The Law Office of Matthew M. Williams, P.C.

630-409-8184

1444 North Farnsworth Avenue, Suite 307, Aurora, IL 60505

Yorkville Office By Appointment

Initial Consultations via ZOOM Available

Illinois custody attorney, Illinois family law attorney, Illinois divorce lawyer,When a couple is preparing for or going through a contentious divorce it happens that one spouse may attempt to hide assets, run up debt or sell off property in an effort to cheat the other from what might otherwise be a fair split of marital assets. You can prevent this “win at all costs” strategy by taking steps to protect marital assets.

Establish a Plan Before a Divorce Occurs

There are steps you can take, although one must proceed with caution while doing so, to protect marital assets from dissipation:

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Divorce and Asset Division

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Illinois custody attorney, Illinois family law attorney, Illinois divorce lawyer,When a marriage results in divorce, the end is usually not as simple as each spouse picking up and heading off in separate directions. Before a divorce decree is issued, the parties must go through the identification, valuation, and subsequent allocation of all marital property.

The Asset Division Process

In Illinois, when a divorce enters the asset division and allocation process, the law calls for an “equitable” distribution of assets, meaning “fair,” and not “even” or even 50-50. This includes:

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Property Division in Divorce

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Property Division in Divorce , divorce, property division, family law, child support, marital assetsGoing through a divorce is a complex issue both legally and emotionally. Many contentious issues must be decided on including, child custody, child support, and property division. When a house is part of the property that needs to be divided the tenants of divorce law are used to determine how the home or the home's value is shared between the spouses. It takes an experienced and insightful DuPage County divorce lawyer to navigate this treacherous legal terrain successfully.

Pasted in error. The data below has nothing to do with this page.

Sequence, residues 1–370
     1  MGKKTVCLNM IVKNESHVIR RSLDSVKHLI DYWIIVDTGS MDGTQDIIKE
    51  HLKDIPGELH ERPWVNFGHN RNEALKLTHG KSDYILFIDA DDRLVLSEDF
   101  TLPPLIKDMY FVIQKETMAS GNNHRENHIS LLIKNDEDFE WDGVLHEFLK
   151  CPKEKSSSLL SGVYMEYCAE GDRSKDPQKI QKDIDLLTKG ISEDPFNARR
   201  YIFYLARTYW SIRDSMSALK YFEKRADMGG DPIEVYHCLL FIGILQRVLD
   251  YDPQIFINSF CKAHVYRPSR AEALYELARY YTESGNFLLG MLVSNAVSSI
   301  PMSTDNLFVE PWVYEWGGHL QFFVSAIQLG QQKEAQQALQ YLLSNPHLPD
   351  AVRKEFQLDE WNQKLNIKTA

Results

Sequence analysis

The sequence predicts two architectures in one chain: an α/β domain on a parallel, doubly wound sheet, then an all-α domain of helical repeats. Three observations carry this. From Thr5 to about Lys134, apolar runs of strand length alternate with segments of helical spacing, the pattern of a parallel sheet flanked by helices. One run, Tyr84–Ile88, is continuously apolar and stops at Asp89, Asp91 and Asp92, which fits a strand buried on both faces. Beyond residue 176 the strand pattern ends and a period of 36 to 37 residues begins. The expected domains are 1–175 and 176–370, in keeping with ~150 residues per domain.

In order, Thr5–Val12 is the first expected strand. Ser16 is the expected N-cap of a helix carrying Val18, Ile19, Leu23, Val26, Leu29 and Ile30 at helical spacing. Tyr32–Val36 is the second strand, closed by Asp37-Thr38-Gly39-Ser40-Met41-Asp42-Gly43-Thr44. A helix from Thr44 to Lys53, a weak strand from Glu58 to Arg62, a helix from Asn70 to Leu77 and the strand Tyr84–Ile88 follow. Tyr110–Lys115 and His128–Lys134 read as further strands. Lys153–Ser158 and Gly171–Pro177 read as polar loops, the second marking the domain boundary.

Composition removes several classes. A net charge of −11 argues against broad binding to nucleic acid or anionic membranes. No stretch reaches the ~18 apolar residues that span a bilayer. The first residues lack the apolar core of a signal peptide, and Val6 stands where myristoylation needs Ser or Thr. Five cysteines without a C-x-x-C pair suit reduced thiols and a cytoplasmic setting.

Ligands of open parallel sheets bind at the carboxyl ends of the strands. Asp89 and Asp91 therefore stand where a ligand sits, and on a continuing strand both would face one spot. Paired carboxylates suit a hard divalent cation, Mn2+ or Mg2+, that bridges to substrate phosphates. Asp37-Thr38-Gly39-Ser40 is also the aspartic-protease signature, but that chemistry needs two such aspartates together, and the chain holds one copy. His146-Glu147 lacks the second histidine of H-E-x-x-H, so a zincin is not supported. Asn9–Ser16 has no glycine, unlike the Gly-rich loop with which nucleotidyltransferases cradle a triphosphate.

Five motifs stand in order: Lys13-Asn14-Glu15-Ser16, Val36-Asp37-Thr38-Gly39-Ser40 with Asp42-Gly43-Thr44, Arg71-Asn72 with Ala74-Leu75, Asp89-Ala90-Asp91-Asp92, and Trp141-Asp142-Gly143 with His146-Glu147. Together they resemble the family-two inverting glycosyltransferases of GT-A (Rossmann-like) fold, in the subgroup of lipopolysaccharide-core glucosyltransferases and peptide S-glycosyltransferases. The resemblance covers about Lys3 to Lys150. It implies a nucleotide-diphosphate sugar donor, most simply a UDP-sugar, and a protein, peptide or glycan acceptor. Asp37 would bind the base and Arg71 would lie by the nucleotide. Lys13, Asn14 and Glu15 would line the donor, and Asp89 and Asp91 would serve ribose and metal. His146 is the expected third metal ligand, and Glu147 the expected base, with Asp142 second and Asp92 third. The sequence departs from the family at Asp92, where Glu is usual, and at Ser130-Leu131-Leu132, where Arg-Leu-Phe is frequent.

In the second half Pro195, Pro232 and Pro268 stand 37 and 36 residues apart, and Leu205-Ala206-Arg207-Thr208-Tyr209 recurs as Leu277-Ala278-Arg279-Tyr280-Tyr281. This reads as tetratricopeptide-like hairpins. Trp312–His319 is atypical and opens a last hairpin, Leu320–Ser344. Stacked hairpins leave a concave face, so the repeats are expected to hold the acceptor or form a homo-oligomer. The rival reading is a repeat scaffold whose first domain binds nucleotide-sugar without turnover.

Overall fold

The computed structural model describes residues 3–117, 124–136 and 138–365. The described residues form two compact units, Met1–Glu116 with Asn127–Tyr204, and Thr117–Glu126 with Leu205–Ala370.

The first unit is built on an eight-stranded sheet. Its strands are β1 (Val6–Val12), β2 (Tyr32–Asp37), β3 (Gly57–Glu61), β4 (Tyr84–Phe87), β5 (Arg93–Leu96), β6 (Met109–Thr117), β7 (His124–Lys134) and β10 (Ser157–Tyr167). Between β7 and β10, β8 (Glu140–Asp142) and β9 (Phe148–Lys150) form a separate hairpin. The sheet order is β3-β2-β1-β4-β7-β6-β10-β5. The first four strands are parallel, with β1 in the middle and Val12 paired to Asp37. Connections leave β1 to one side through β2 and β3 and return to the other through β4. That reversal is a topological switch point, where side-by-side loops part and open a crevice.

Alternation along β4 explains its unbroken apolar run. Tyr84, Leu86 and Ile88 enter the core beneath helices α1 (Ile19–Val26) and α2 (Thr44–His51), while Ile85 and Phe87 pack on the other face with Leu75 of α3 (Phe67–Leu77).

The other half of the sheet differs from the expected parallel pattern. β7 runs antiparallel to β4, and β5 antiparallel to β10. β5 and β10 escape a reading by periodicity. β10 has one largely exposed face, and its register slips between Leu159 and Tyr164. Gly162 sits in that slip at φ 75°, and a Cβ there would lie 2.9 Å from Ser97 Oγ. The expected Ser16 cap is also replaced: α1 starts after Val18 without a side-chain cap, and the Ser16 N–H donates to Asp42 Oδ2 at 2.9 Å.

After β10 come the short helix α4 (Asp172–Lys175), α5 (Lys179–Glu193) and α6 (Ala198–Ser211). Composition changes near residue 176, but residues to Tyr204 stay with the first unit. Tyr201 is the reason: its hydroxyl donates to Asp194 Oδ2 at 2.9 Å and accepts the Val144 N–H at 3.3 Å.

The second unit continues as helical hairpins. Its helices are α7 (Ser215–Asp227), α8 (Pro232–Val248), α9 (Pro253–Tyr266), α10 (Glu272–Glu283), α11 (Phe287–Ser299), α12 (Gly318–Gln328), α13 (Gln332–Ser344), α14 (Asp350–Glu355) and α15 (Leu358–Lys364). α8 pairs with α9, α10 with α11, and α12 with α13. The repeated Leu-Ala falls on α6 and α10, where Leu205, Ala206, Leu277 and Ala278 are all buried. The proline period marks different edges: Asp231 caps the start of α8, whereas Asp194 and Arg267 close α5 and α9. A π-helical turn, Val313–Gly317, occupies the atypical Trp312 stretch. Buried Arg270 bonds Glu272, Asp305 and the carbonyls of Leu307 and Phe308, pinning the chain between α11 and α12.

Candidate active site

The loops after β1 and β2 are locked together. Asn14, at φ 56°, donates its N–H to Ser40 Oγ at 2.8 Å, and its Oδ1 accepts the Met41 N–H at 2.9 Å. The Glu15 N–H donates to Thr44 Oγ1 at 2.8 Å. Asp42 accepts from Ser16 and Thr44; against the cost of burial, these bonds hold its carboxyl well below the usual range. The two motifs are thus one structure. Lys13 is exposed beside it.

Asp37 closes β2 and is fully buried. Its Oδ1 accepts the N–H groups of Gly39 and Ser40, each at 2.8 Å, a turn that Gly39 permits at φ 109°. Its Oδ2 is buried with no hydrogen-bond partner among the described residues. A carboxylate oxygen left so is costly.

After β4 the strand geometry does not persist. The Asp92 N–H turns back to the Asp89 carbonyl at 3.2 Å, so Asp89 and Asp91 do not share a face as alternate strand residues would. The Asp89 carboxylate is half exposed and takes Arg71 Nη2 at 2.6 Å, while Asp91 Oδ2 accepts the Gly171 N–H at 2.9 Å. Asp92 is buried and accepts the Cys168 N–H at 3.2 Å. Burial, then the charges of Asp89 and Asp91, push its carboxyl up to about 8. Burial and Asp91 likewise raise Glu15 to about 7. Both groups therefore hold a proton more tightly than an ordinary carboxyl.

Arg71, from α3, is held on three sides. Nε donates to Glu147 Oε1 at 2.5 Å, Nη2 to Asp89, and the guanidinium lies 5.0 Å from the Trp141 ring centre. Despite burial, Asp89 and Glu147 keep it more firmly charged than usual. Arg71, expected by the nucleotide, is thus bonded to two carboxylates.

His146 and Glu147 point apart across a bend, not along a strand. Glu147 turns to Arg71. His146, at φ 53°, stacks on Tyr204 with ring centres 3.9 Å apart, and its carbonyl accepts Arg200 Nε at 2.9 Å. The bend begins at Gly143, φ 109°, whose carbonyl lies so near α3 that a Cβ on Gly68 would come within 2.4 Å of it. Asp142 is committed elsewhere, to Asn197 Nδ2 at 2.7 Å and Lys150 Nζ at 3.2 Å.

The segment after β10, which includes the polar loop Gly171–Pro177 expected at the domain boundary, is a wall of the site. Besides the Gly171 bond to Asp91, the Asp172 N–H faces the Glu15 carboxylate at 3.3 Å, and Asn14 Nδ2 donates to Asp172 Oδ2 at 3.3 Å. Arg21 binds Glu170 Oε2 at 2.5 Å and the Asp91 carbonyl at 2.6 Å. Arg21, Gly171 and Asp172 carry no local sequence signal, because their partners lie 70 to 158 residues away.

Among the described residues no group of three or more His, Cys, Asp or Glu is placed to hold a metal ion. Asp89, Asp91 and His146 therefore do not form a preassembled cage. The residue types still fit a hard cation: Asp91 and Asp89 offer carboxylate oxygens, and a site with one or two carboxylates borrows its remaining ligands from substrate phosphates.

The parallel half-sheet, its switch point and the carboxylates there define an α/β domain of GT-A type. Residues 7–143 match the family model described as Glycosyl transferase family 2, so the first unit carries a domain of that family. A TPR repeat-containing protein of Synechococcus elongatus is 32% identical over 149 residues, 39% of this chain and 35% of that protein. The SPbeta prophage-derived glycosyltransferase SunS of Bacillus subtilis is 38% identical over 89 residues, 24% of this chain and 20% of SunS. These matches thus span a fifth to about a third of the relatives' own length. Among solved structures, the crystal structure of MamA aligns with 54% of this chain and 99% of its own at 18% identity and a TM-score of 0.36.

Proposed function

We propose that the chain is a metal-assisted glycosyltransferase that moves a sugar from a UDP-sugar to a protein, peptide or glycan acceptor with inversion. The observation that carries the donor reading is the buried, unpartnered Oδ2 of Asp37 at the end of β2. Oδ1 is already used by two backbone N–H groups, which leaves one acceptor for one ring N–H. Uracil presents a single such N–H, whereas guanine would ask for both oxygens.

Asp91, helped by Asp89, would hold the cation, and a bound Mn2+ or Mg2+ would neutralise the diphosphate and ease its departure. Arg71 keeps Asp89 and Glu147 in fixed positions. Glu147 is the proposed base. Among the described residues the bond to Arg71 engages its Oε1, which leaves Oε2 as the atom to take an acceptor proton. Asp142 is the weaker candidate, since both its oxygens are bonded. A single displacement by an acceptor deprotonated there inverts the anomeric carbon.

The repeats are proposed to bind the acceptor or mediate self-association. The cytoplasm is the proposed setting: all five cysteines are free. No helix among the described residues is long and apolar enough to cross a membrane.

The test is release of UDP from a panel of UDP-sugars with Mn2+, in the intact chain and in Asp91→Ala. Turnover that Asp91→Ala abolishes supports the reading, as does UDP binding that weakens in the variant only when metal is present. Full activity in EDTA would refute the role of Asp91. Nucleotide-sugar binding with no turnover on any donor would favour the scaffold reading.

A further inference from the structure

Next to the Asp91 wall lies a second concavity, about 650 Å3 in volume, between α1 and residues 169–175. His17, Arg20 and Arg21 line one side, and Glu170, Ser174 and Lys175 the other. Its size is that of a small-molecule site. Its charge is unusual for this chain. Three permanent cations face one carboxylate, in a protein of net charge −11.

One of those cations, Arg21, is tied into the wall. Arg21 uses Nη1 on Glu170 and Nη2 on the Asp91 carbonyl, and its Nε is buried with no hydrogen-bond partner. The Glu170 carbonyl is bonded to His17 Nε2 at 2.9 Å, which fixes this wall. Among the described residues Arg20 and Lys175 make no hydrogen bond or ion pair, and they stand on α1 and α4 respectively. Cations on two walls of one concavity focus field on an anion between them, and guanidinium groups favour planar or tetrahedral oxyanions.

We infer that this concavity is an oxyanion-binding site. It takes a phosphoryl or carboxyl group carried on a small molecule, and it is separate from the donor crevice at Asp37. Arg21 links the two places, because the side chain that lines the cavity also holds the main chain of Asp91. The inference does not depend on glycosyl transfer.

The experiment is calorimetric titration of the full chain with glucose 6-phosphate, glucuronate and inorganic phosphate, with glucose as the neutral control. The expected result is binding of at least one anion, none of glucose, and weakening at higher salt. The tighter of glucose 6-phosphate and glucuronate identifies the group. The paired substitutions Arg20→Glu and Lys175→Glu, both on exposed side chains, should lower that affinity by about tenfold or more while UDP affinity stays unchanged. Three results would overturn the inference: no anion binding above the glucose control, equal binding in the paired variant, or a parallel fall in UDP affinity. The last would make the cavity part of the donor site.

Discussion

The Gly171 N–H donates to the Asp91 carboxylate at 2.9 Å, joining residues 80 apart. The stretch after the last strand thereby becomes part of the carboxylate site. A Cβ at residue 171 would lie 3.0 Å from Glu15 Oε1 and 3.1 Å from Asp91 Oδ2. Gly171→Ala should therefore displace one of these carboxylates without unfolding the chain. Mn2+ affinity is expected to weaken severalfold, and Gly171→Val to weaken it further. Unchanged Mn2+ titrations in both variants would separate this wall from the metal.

Equitable Division

Illinois law controls how real property is divided in a divorce. Illinois is an "equitable division state." That means that the law does not require that marital assets be divided equally among divorcing spouses. Instead, the law requires that property is distributed equitably. Judges rely on several variables to determine what an equitable division of property is, however, Illinois courts are forbidden to consider marital misconduct for property division. Instead, judges are instructed to consider:

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The Dangers of Hidden Assets in Divorce

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hidden asset, DuPage County family law attorneyA divorce is rarely an easy undertaking and, in some cases, can be extremely complex, especially if you fear that your spouse is not being honest about his or her financial situation. Hidden assets can prevent the court from putting together an accurate assessment of the marital estate, which could affect not only the property division process but issues related to spousal and child support as well.

What is a Hidden Asset?

While it is possible for a spouse to hide assets while living in the marital home during the marriage, it becomes even easier to hide assets following a separation. If you and your spouse are living apart, he or she could have opened secret accounts, started working under the table, received gifts from friends, or made undisclosed investments. Hidden assets may also take the form of physical items like jewelry, furniture, artwork, and real estate.

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property, DuPage County divorce attorneyWhen a couple gets divorced, one of the most contentious aspects of the process involves the identification and division of marital property. For many couples, the marital estate is a physical representation of their life together, making it very difficult for the parties to reach a reasonable resolution.

If you and your spouse cannot come to an agreement regarding your property, the issue will be left to the court to decide. Such a situation leads many to assume that the court will simply divide the marital estate into equal halves, and allocate 50 percent of the marital property to one spouse and 50 percent to the other. According to Illinois law, however, this is not exactly the case.

Equitable Distribution

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The Law Office of Matthew M. Williams, P.C.

630-409-8184

1444 North Farnsworth Avenue, Suite 307, Aurora, IL 60505

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